The COVID-19 pandemic in the United States is a classic tragedy of destruction following errors in judgment. Naomi Zack presents social and political aspects of this disaster as it unfolded in public health through federal and local government structures, society, culture, and the economy. Federalism combined with politics in facing and denying the SARS-CoV2 pandemic has revealed both weaknesses and strengths.
Preparation was woefully inadequate for the 2020 tidal wave of COVID-19 that broke over the medical system, the educational system, the lives of the poor, essential workers, racial and ethnic minorities, the elderly, and women, especially. Rhetoric and conspiracy theories flourished, as Red and Blue Americans politicized the pandemic. Police reform became urgent after billions witnessed George Floyd’s death. The war of the statues evoked new conflicts over free speech.
The X-ray nature of COVID-19 has revealed the United States to itself, in character, incompetence, superstition, and injustice, but also in dedication to caring for others and abiding resilience. The core of democracy held after the 2020 election but vigilance is newly important and required. As a record of this US Plague Year and an argument for why we need to prepare for Climate Change, as well as the next pandemic, this book is an essential resource for every student, scholar, and citizen.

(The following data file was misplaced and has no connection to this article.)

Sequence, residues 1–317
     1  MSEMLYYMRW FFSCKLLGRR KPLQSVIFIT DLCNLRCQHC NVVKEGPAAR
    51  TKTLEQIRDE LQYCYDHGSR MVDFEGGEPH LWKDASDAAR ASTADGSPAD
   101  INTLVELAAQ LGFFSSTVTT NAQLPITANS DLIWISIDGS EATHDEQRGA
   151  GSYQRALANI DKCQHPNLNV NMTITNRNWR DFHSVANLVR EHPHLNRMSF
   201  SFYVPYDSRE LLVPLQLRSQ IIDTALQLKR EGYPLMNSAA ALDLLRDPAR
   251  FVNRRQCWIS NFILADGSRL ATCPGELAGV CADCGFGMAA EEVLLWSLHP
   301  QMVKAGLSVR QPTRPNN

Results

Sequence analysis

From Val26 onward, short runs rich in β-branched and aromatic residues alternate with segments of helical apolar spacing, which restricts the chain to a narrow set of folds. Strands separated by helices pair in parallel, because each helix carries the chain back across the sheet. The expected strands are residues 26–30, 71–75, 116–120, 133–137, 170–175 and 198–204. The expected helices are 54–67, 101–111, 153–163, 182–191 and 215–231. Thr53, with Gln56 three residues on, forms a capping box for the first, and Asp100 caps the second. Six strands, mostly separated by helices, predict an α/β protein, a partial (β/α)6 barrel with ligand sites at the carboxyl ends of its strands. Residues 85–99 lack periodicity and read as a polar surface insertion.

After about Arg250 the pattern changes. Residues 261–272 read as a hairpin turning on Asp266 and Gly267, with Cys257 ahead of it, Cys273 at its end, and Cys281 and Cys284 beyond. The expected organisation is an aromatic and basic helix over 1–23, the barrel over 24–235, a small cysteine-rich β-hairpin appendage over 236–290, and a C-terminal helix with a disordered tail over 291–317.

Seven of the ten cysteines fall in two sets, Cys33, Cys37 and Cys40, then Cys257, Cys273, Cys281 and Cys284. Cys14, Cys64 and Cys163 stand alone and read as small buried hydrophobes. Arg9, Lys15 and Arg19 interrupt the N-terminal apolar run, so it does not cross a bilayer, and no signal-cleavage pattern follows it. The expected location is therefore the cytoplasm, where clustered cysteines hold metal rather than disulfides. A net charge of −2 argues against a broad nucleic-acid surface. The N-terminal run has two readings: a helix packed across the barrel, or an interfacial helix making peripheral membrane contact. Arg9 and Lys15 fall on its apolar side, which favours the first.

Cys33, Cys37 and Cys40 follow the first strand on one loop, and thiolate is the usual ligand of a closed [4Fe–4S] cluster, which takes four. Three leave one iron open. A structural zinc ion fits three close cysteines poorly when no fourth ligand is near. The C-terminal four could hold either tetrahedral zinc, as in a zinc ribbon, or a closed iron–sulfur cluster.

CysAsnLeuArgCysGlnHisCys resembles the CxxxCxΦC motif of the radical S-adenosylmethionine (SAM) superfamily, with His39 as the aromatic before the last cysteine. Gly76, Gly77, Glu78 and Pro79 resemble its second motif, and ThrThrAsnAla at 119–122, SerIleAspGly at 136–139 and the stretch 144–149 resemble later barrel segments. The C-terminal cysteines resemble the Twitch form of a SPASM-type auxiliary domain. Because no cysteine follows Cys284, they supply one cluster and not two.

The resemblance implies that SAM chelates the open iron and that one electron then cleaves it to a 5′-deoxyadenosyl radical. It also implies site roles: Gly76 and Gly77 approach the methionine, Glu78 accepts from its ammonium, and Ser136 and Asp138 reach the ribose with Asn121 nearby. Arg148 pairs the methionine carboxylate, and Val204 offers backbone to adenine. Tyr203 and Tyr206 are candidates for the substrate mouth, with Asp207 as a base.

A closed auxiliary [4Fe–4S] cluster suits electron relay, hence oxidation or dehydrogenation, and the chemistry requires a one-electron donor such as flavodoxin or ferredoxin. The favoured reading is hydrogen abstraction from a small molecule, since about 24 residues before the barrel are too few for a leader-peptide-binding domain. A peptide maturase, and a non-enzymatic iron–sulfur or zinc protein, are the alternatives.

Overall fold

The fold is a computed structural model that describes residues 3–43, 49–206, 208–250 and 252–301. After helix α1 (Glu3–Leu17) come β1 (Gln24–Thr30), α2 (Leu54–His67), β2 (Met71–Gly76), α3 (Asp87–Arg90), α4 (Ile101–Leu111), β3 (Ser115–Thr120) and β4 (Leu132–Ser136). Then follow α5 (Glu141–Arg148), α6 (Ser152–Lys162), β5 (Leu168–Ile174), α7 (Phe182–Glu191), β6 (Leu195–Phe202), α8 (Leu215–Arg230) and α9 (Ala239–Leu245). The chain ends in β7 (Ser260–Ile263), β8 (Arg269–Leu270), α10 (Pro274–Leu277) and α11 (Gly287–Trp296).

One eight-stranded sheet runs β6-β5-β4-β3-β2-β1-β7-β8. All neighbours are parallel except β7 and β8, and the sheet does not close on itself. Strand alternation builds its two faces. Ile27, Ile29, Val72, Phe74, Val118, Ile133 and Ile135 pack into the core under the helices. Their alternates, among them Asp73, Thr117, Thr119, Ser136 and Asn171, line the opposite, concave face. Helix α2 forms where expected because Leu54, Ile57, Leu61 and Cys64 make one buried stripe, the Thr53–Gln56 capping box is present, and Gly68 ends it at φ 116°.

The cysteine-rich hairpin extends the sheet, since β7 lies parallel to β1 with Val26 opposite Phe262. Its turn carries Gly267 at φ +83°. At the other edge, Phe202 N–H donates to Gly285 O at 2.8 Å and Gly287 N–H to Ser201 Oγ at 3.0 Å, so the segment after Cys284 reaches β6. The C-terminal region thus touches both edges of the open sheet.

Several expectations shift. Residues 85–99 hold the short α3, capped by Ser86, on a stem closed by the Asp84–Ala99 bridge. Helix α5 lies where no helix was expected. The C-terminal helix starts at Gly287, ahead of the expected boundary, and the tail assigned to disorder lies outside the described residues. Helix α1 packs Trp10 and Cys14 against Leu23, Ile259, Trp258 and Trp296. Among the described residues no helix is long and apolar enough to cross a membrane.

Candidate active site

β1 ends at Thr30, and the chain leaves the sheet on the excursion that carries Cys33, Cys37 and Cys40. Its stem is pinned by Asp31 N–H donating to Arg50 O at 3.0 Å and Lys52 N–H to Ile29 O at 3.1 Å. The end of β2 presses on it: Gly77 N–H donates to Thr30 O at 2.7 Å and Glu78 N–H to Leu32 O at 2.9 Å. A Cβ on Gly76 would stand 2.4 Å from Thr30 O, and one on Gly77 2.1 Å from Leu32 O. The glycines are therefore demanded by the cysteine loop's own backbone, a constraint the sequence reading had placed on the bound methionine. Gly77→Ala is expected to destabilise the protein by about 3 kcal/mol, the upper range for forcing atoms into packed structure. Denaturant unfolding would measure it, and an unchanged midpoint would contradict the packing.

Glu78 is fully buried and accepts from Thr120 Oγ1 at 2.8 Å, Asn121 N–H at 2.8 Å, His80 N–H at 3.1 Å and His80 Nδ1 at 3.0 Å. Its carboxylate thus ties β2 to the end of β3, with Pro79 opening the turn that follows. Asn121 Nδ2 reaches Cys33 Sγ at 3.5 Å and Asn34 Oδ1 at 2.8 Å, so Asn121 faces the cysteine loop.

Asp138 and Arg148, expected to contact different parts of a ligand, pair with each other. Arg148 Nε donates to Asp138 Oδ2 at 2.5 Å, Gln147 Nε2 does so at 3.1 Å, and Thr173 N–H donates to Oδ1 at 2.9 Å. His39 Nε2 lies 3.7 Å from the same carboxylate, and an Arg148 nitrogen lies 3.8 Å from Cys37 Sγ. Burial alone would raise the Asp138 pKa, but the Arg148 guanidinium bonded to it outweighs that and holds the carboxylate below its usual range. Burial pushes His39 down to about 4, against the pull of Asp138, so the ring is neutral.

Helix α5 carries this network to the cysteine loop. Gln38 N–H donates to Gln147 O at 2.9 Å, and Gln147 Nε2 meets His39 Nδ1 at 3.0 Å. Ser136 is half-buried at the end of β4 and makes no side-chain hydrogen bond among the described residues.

Naomi Zack is professor of philosophy at Lehman College, CUNY. Her most recent Rowman and Littlefield books are Progressive Anonymity: from Identity Politics to Evidence-Based Government (2020) and Reviving the Social Compact: Inclusive Citizenship in an Age of Extreme Politics (2018). Earlier books include: TheTheory of ApplicativeJustice:An EmpiricalPragmaticApproach to Correcting Racial Injustice (2016),White Privilege and Black Rights: The Injustice of US Police Racial Profiling and Homicide (April 2015), The Ethics and Mores of Race: Equality after the History of Philosophy (2011/2015), Ethics for Disaster, (2009, 2010).
Preface and Acknowledgments
Introduction: From the Middle of Things
1. The Virus in the World
2. Federalism and Localism
3. The US Culture Wars and Rhetoric
4. Inequalities and Marginalization
5. Police Reform
7. The Economy
10. The Ethics of Climate Change
Conclusion: Tragedy and Resilience
About the Author